A passion for pets

Mattie trots past the wide gate and mud puddles and goes into the shady coolness of a tall barn. The smell of sweet hay and manure fills the air, and tiny gnats slowly begin to stick to sweaty legs.

“Matt-Matt, come here Mattie,” USF senior in international studies Monica Ruggley says, calling the happy yellow dog back in.

A tall, white horse standing in the short hallway of stalls is being groomed.

“It’s just like nail polish,” Ruggley says, as her boyfriend, Army Sgt. John Irwin, finishes cleaning underneath one of Moe’s hooves and begins brushing shiny liquid on top of it.

The polish hardens and protects hooves against excessive moisture, which can cause them to become soft, tender or sore. There are 1,500 more pounds of horse to clean, brush and polish. White horses are like white cars, Ruggley says. Somehow, Moe is already dirty minutes after his bath.

The 9-year-old racehorse nuzzles Ruggley’s shoulder and neck, where the bottom of his nose meets Ruggley’s petite, less than 5 ft. frame.

“Ever since I was five years old I’ve wanted to ride,” says Ruggley. “Now it’s like an addiction.”

In the beginning

Ruggley said her first riding partner was Sebastian, a 4-year-old pony her parents bought her when she was a 9-year-old. The duo competed in three-day Eventings and Combined Training competitions, which tested the pair’s precision in training, and the horse’s endurance, speed, strength and obedience.

In addition to Sebastian, Ruggley keeps Moe and J.T., both of which are geldings or castrated male horses.

Within the 13 or 14 years the rider and pony have been together, Ruggley has come to know Sebastian’s individual personality and quirks like the attitude with which he “sticks his tail out a little bit” during competitions. Ruggley and Irwin laugh at the assumption that horses have neither feelings nor emotions.

Moe likes his nose rubbed, but he doesn’t like men, says Ruggley. “He left his dental records on my dad’s stomach one day.”

Another time, a male farrier, a person who shoes horses, tried to move Moe by hitting the back of the horse’s legs with a rasp. Moe reared up, flipped backwards,and took out three stalls.

“He’s 1500 lbs.,” says Ruggley, while she rubs Moe’s nose. “You can’t force him to do anything.”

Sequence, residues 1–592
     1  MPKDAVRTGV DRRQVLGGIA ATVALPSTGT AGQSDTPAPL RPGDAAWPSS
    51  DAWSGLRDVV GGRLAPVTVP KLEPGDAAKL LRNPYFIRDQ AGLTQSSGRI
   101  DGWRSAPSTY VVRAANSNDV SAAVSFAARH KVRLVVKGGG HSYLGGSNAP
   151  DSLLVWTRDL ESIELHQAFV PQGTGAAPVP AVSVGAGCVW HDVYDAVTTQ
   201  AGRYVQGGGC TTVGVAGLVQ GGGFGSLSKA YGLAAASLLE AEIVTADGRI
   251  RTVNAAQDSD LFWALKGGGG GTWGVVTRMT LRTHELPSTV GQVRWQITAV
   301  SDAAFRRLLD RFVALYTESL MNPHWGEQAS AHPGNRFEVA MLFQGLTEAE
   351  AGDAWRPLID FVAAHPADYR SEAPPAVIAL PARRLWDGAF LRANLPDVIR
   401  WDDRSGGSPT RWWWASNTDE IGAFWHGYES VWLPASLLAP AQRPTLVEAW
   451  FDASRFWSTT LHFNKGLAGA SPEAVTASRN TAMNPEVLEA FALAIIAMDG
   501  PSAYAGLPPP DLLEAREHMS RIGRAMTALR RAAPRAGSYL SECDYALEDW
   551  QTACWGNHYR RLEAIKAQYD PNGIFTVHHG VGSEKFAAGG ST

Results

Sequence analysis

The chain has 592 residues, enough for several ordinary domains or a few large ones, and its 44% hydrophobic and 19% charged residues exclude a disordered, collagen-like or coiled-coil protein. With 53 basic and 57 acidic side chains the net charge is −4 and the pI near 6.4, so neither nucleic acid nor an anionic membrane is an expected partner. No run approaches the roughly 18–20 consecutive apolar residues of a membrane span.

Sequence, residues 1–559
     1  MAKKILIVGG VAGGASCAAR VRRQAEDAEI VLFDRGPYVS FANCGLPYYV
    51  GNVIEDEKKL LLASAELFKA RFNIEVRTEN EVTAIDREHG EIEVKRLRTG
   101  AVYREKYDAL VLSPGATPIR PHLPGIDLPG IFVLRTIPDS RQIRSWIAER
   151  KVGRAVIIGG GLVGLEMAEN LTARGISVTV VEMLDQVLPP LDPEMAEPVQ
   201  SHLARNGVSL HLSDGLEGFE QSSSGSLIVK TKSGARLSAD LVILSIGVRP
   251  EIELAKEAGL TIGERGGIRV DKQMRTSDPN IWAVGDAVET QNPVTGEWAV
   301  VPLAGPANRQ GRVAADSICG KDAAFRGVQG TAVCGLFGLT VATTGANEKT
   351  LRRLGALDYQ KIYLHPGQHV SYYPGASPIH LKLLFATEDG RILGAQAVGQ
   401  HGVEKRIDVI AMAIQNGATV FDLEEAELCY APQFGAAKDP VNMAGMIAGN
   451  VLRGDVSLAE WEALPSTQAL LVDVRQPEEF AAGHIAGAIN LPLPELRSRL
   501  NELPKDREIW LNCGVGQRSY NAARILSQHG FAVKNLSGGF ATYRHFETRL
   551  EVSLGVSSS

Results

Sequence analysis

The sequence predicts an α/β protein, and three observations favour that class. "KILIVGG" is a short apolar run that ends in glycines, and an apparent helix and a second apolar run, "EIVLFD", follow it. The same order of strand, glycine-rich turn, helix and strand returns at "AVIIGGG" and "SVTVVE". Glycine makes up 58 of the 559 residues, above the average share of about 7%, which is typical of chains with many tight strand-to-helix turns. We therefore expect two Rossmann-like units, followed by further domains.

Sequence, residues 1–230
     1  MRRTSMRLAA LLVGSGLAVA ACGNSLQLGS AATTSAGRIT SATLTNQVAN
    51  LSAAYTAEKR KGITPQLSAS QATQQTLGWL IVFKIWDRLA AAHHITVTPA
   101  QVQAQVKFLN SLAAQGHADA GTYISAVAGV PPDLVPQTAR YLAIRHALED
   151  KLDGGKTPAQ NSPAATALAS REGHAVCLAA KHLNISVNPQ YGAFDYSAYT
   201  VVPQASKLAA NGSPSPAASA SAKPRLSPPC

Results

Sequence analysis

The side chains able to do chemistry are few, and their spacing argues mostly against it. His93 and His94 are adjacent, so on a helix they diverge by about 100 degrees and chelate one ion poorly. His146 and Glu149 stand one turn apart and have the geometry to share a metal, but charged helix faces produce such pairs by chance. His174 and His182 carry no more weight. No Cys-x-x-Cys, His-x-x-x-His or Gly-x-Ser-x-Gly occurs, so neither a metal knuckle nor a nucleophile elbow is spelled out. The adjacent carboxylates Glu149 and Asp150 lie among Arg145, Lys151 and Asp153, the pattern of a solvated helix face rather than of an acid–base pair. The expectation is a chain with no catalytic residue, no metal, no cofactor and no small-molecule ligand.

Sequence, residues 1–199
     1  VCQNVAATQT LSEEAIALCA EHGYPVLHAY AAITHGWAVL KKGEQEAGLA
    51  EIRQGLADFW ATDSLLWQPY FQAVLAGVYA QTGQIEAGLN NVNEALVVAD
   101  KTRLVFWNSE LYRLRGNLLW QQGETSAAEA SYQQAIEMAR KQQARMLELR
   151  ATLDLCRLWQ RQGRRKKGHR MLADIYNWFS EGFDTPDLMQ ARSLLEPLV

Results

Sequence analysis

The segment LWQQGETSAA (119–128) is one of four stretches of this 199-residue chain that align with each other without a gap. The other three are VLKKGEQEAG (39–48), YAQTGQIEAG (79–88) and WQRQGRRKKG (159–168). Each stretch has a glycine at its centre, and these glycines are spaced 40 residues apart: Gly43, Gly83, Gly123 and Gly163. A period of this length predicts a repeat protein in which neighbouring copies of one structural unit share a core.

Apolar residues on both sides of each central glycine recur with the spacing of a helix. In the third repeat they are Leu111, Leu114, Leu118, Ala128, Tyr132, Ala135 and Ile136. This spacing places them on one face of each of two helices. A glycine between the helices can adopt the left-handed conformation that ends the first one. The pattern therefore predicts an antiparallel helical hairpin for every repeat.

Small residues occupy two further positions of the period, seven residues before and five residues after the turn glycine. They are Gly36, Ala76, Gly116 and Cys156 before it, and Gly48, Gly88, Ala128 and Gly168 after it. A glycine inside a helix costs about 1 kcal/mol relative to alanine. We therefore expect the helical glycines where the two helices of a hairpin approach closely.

Costs of having a pet

Ruggley cleaned her horses’ stalls until she started college. “I just couldn’t be out here two times a day.”

Now the two horses and a pony live in Valrico, which is about 25 minutes southeast of Ruggley’s Ybor City apartment at a full-boarding facility where stalls are cleaned and the animals are fed, watered, let out and brought in daily from several acres of fenced in green pasture. The facility “(takes) care of (their) basic needs and I take care of everything else,” says Ruggley. “(In Tampa), it’s hard to find a place with a lot of space.”

Boarding costs run Ruggley about $250 per animal, per month.

“Down here in Florida, food is expensive,” she says.

Meals consist of Timothy alfalfa, crimped oats and pellets. That is at least $12,000 a year.

Horses, like people, can get sick. House calls start with a $50 fee. Twelve years ago, Ruggley woke up at 8 a.m. to find Regal, another gelding of hers, feverish with pale gums — signs of baby colic, a fatal condition if left untreated. He was injected with antibiotics, but collapsed and 16 liters of fluid and vitamins were pumped into him. That evening, between getting up and walking to a trailer to be transported to a clinic, he collapsed twice more. At 1 a.m. he was at the vet’s office. By 3 a.m, he had passed away from an aneurism.

Yet money has often fallen second to Ruggley’s love of the animal. J.T., or Justin Time, Ruggley’s other horse, might sell for $10,000. As for Moe, “If you have a solid competition horse, people don’t think anything of laying down $20,000,” says Ruggley.

Sebastian, the pony, could sell for $30,000, but Ruggley says, “I never would.”

Second nature

While Ruggley was still living with her parents, a friend, who was unable to take care of a kitten, offered her offered her $30 to take it home. Indicating its size with cupped hands, Ruggley says she was unsure of how her parents would react.

They said, “We’ll keep him,” and named the kitten Kermit since its sister was named Miss Piggy. Now, says Ruggley, “My dad won’t let me have him back.”

Ruggley and Irwin rescued and bought J.T. together.

“He was losing weight,” Ruggley said, when they got him “just in time.”

Then Irwin got a dog, and Ruggley remembered how much she wanted one. It was not until she heard of an attempted rape within her apartment complex that Ruggley actively sought out and adopted Mattie, a yellow-and-black pup from a local animal rescue.

“That’s what finally did it for me,” she said.

They have been together for about a year now, since the now 25-lb. pit-chow-shepherd mix was weaned. Mattie has broken her leg already. Ruggley says she was grateful the vet only charged her $130.

Along for the ride

A few credits short of graduation, a college student might be all smiles when pondering the dividends of a high-paying job without financial restrictions. But Ruggley smiles when she talks about her horses and dog. She anticipates traveling to North Florida and throughout the Southeastern United States to compete with Moe again, now that she has the money.

She takes Mattie to a dog park on Davis Islands to run around.

“She loves playing with all the other dogs,” says Ruggley.

At the end of the day, Moe, J.T. and Sebastian are not just animals. To Ruggley, they are someone to “share your apple with.” Moe stands behind Ruggley, his head poking out from his stall, and impatiently sways his neck side-to-side for attention.

At the end of the day, “you have something to look forward to coming home to,” Ruggley says as she pats Moe on the nose.